Textiles, more specifically the dyeing process, leave one of the largest water footprints on the planet.
Each year, around 300,000 tons of harmful dye pollutants are released into the world’s water supplies.
The World Bank estimates that textile dyeing and treatment contribute up to 17-20 percent of total industrial water pollution.
New waterless dyeing technologies are being developed and deployed that could help reduce the vast quantities of pollution generated by textile dyeing.
How To Clean Up Dye-Polluted Waters:
Engineers at the Energy Safety Research Institute (ESRI) at Swansea University have developed a new composite material composed of of tantalum nitride and tungsten oxide. The development was announced in Nature’s Scientific Reports journal on June, 22 2017.
Using a process called photocatalytic degradation, this material can reportedly break down dye into smaller, harmless molecules. The photocatalytic material can absorb 90% of dye pollutants and increase the rate of dye breakdown by almost ten times. Once the dye is removed, the catalyst can be filtered from the cleaned water and reused. The process is powered by solar energy.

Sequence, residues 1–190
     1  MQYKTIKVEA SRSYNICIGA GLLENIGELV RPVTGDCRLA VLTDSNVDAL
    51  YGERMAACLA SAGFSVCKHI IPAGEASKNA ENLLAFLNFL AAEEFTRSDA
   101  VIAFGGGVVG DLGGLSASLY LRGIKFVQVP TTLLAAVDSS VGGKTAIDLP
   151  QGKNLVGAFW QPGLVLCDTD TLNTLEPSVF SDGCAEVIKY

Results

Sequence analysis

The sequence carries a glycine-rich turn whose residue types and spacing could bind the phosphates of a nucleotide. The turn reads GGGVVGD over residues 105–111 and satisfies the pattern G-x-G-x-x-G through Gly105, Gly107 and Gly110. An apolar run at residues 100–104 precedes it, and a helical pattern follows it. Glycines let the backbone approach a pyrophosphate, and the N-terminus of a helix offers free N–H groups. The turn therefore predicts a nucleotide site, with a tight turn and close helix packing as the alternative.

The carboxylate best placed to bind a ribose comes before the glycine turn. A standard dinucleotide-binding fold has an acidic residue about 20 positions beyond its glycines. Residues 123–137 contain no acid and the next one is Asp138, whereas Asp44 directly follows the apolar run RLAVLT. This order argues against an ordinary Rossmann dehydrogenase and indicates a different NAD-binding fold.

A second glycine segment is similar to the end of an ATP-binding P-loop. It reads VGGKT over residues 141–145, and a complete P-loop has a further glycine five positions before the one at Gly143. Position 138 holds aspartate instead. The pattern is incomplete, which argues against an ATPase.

According to Phys.org, “While the photocatalytic degradation of dyes has been investigated for several decades, it is only relatively recently that researchers have developed materials capable of absorbing the visible part of the solar spectrum - other materials, such as titanium dioxide, are also able to break down dyes using solar energy, but their efficiency is limited as they only absorb higher energy, ultraviolet light. By making use of a much greater range of the spectrum, materials such as those used by the ESRI team at Swansea University team are able to remove pollutants at a far superior rate.”